Multiple Sclerosis (MS for short) is an autoimmune disease that affects the central nervous system. I would like to take the opportunity to stress that I am not a medical professional and information in this article should in no way be taken as medical advice. A licensed Neurologist is needed to make a diagnosis along with several test to rule out other diseases.
The central nervous system is made up of the brain and spinal cord. Much as with Lupus and RA, the immune system is overactive and is attacking healthy tissue. Like other autoimmune diseases the exact cause is unknown. There are certain risk factors that can play a role in developing the disease such as environmental, smoking, obesity, or genetics.
The immune systems job is to protect the body against foreign invaders like bacteria, viruses, and germs that cause infection. However, once the immune system is activated it then mistakes the myelin (which is a protective covering over nerve fibers) as a foreign invader. This reaction causes inflammation around the nerves. In the areas where this occurs are called lesions. Lesions can be present in the brain or along the spinal cord.
MS can be a debilitating disease and could lead to permanent disability leaving those who suffer with it in chronic pain. Much like lupus it can affect the body as a whole. According to mayoclinic.org common symptoms of MS include numbness or muscle weakness that comes on one side of the body at a time, electric shock sensations when moving your neck especially bending forward, tremors and an unsteady gait, dizziness, and fatigue. Healthline.com lists more symptoms of MS like vision problems (this I will discuss later), muscle spasms, muscle pain, lack of coordination, involuntary painful jerking movements of extremities, muscle stiffness.
The vision problems that can occur with MS is caused by a condition called optic neuritis which is inflammation of the optic nerve. This occurs when the immune system attacks the myelin around the optic nerve thus causing inflammation of the nerve. Optic neuritis often is the first sign that someone has MS according to the mayoclinic.org. Symptoms of optic neuritis include eye pain, especially when moving the eye, vision loss in one eye, loss of color vision, and flashing lights when moving the eye. Optic neuritis can be treated by a neurologist and most people recover their sight when the episode clears up.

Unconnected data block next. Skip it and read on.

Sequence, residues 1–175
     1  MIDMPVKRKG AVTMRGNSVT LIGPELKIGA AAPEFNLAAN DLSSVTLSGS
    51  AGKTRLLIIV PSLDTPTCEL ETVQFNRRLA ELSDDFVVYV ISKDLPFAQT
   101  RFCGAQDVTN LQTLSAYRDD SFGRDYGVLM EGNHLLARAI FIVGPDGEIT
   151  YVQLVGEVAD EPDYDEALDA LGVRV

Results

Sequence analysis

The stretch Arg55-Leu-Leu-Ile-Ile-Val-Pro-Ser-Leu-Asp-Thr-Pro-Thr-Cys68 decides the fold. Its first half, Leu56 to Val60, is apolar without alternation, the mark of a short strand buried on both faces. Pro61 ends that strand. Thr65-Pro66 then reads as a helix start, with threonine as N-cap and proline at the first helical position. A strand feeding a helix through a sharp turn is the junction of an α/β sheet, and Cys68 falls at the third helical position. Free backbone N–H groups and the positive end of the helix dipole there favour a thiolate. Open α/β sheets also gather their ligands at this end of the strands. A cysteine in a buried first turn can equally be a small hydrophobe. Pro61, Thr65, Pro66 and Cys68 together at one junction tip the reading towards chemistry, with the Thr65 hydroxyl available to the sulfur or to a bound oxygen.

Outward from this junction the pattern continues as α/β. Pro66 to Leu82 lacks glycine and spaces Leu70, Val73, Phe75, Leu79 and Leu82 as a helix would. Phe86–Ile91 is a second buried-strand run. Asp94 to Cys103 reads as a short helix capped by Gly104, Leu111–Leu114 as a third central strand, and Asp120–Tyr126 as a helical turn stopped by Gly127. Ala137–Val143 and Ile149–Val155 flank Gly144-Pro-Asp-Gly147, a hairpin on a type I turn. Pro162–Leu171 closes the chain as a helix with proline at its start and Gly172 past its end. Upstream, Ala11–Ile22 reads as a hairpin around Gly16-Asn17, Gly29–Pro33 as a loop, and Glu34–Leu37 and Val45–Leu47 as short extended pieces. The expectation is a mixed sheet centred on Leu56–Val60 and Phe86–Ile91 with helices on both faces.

As listed on multiplesclerosis.com there are 4 different types of MS. The most common being Relapsing-Remitting MS (RRMS) about 75% to 85% of patients are first diagnosed with this type. Secondary Progressive MS (SPMS) causes symptoms to worsen over time whether the patient relapses or not. Primary Progressive MS (PPMS) in this form there is a slow progression of the disease. Lastly is the rarest form of MS, it is called Progressively Relapsing MS (PRMS) it causes a steady worsening of the disease with no remission.
MS is a very complicated disease and it can take some time to get a diagnosis, because it shares a lot of the same symptoms with other diseases. Those who suffer with this chronic and debilitating disease need a strong support system from those around them. As well as an excellent medical team it takes many physicians working together to combat this condition. Thank you for reading this article if nothing else I hope it brings comfort to someone who suffers from MS to know that someone else out there knows what you go through. I don’t personally have MS, but I do know all to well about the pain and setbacks that come from having a chronic autoimmune disease. Have a blessed day and keep fighting warriors we are all in this together.
Amy Archibald (A fellow warrior)